Given the similarity in quality between WTI Midland and the Brent basket, it may appear an easy fit, but challenges remain. The implementation of WTI into Dated Brent is relatively straightforward, with WTI Midland being assessed on a CIF Rotterdam basis before being netted back to a FOB North Sea level for easy comparison with the North Sea grades.
More adaptation is needed in the Cash BFOE market. Cash BFOE is the forward market for Brent, and allows companies with physical trading capabilities in the North Sea to purchase Exchange of Futures for Physical (EFP), Cash BFOE partials and full Cash BFOE cargoes in order to access actual cargoes of BFOE crude loading in the specified future contract month.
If a participant is long a Cash BFOE cargo for a given month they will be nominated a FOB cargo of Brent Blend, Forties, Oseberg, Ekofisk, or Troll at least one month prior to the loading date for that cargo. From June 2023, companies will be able to also nominate cargoes of WTI Midland loading from terminals approved by Platts.
For over 30 years, cash forward contracts have been underpinned by Shell's SUKO 90 general terms and conditions. However, with the introduction of WTI Midland into Platts Dated Brent, Cash BFOE and related assessments from June 2023, new terms and conditions have been sought by the industry to incorporate WTI into cash contracts.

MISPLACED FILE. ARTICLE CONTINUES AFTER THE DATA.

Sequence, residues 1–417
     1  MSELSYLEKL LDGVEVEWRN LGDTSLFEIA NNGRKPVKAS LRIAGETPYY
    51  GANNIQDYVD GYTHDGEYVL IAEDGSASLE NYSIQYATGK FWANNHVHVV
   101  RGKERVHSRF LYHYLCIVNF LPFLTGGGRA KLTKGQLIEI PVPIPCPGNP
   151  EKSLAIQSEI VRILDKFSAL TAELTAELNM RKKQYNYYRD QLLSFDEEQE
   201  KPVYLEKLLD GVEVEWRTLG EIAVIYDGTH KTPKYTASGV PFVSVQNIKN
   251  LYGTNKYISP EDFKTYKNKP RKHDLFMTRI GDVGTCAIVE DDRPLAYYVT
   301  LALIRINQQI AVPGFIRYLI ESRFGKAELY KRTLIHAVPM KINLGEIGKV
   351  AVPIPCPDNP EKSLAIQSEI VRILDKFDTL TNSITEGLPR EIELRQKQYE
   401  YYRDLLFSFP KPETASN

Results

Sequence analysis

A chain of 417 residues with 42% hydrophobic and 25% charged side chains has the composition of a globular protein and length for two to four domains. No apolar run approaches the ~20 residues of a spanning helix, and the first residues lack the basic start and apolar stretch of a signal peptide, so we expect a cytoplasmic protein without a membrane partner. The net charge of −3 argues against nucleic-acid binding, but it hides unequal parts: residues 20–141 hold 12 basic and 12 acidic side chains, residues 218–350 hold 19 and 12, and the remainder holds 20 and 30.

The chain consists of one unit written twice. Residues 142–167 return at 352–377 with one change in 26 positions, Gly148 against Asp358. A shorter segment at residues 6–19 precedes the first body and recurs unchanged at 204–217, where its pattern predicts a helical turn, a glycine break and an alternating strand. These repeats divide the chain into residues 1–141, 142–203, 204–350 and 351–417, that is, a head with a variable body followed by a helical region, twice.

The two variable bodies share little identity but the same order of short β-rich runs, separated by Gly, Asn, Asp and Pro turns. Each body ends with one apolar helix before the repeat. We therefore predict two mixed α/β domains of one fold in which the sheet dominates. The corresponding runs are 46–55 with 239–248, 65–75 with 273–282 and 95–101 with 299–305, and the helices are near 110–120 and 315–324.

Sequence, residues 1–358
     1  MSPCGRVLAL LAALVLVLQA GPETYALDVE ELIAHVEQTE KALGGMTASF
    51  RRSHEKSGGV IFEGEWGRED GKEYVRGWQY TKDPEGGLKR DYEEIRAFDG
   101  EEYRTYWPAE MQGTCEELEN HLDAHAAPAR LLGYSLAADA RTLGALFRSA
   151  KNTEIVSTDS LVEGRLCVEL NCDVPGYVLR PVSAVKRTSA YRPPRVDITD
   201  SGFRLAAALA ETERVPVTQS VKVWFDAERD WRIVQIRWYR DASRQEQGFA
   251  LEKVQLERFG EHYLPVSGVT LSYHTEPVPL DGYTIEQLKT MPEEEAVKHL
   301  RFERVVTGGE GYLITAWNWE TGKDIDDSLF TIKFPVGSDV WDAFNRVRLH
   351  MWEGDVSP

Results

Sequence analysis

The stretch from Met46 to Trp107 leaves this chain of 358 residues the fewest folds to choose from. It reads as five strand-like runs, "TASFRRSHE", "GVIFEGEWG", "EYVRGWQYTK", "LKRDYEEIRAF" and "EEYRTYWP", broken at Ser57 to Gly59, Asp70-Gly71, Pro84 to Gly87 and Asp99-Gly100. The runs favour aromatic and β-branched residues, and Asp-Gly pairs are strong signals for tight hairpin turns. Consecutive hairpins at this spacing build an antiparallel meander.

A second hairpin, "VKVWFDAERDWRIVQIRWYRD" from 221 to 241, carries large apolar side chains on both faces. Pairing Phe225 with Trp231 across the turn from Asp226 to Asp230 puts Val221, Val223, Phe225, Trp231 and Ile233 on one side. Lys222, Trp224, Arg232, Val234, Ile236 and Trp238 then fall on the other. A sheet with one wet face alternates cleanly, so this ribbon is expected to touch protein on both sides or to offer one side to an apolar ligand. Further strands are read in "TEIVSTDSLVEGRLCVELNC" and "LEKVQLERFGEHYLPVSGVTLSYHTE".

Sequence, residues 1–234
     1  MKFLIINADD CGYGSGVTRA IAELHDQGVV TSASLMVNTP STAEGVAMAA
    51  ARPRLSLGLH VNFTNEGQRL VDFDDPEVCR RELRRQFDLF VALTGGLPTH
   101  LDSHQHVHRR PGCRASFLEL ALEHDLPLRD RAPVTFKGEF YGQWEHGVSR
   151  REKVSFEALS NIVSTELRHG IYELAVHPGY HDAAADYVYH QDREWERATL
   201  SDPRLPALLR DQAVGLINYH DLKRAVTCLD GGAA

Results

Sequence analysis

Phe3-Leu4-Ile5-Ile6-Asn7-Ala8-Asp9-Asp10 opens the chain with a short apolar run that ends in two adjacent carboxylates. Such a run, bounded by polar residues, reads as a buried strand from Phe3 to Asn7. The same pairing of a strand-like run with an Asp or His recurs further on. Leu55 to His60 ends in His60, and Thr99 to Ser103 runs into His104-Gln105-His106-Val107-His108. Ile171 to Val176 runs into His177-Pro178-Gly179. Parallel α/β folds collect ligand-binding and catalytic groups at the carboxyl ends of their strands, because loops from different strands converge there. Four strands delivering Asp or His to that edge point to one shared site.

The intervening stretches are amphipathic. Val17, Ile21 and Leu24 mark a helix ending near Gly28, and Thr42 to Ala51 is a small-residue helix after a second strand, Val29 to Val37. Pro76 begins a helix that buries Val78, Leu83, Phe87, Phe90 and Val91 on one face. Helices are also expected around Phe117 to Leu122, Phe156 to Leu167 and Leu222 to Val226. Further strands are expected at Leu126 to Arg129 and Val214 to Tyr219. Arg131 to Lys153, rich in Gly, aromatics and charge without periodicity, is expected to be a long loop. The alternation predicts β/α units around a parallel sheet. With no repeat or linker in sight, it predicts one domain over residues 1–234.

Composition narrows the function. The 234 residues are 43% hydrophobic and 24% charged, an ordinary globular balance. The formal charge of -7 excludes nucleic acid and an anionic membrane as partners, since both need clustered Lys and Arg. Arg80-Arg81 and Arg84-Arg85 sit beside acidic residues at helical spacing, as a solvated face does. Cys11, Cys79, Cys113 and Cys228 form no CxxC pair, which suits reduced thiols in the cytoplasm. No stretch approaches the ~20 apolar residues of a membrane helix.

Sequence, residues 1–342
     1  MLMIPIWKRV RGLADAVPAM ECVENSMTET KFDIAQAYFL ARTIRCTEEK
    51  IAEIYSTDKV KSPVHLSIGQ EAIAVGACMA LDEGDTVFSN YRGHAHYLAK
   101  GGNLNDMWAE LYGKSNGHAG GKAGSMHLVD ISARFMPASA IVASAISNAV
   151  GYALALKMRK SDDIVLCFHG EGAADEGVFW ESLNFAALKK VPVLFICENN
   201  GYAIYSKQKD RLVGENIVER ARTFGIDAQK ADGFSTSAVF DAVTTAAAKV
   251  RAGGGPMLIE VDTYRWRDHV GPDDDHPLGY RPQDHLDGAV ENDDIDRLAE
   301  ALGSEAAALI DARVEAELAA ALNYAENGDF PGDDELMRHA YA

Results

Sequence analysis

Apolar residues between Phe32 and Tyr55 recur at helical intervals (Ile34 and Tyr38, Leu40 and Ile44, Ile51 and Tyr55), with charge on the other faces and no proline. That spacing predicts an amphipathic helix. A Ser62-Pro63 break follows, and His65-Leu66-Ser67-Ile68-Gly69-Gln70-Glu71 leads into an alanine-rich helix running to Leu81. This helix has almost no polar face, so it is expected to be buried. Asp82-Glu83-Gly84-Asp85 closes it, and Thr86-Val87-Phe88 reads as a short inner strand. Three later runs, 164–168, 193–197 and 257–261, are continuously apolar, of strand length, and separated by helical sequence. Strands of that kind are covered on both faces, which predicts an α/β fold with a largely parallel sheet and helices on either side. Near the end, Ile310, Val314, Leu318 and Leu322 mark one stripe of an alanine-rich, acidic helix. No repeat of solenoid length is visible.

The SUKO 90 trading terms were first published in 1990 to manage Shell's own trades in the then 15-day Brent market and soon became the industry standard. Since then, they have necessarily gone through several adaptations to incorporate new grades, cargo sizes and date ranges as the market and assessment have evolved.
While SUKO 90 has served well as the Brent cash standard, market participants have signaled that a major rewrite or a whole new set of terms will be needed to accommodate WTI Midland's inclusion from 2023. While three companies – Shell, BP and Vitol – initially wrote new terms to incorporate WTI Midland into Cash BFOE, it now appears as if it will be either Shell or BP's terms which will prevail, with 2023 trades being done on both terms in September 2022.
The terms are similar on some key points such as the incoterm for WTI Midland nominations – CIF – but do differ on several issues, such as transfer of title, stipulations on freight calculations, delivery dates, cargo slots in US terminals, and sulfur penalties.
According to market participants surveyed by Platts, however, the gaps between the sets of terms are narrowing, and there is a high degree of confidence that one unified set of terms will be agreed before the end of the year.
Once this is finalized, the path will be clear for the full introduction into the Brent complex of WTI Midland. The change will bring with it the potentially biggest boost to deliverable cargoes into Brent in a generation, a steady stream of oil of a similar quality to the existing basket, and a new diversity in terms of geography and participants.
The stage is set for an exciting new era for a trusted benchmark.
This article was first published in the October 2022 edition of Commodity Insights magazine